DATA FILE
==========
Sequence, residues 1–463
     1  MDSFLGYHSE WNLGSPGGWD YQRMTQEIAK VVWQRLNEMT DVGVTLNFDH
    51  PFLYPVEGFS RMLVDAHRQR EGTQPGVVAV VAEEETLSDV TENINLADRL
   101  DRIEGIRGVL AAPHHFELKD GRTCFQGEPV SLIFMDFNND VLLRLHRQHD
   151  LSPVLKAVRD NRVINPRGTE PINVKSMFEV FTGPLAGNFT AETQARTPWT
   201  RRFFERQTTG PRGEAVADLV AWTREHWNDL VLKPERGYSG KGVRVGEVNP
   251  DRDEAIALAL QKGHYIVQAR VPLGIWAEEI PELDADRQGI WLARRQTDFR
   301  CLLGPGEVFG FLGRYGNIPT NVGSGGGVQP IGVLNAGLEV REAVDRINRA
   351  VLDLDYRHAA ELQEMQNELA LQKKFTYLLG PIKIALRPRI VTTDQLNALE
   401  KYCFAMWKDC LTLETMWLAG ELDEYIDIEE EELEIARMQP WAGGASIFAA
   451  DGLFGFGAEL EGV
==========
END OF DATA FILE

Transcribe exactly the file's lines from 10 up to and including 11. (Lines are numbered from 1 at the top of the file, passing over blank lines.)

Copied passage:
   401  KYCFAMWKDC LTLETMWLAG ELDEYIDIEE EELEIARMQP WAGGASIFAA
   451  DGLFGFGAEL EGV